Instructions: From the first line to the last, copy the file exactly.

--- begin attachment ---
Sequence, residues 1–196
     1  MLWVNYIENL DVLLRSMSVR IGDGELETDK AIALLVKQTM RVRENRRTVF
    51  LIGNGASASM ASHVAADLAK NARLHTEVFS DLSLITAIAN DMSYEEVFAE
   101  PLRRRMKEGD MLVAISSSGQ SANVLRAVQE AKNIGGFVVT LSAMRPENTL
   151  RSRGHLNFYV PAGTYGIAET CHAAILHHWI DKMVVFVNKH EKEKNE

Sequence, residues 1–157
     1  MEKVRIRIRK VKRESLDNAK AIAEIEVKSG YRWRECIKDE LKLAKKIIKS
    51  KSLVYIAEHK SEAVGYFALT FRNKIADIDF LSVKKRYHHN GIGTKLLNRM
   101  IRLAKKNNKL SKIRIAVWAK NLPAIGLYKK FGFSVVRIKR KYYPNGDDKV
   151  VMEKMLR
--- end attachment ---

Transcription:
Sequence, residues 1–196
     1  MLWVNYIENL DVLLRSMSVR IGDGELETDK AIALLVKQTM RVRENRRTVF
    51  LIGNGASASM ASHVAADLAK NARLHTEVFS DLSLITAIAN DMSYEEVFAE
   101  PLRRRMKEGD MLVAISSSGQ SANVLRAVQE AKNIGGFVVT LSAMRPENTL
   151  RSRGHLNFYV PAGTYGIAET CHAAILHHWI DKMVVFVNKH EKEKNE

Sequence, residues 1–157
     1  MEKVRIRIRK VKRESLDNAK AIAEIEVKSG YRWRECIKDE LKLAKKIIKS
    51  KSLVYIAEHK SEAVGYFALT FRNKIADIDF LSVKKRYHHN GIGTKLLNRM
   101  IRLAKKNNKL SKIRIAVWAK NLPAIGLYKK FGFSVVRIKR KYYPNGDDKV
   151  VMEKMLR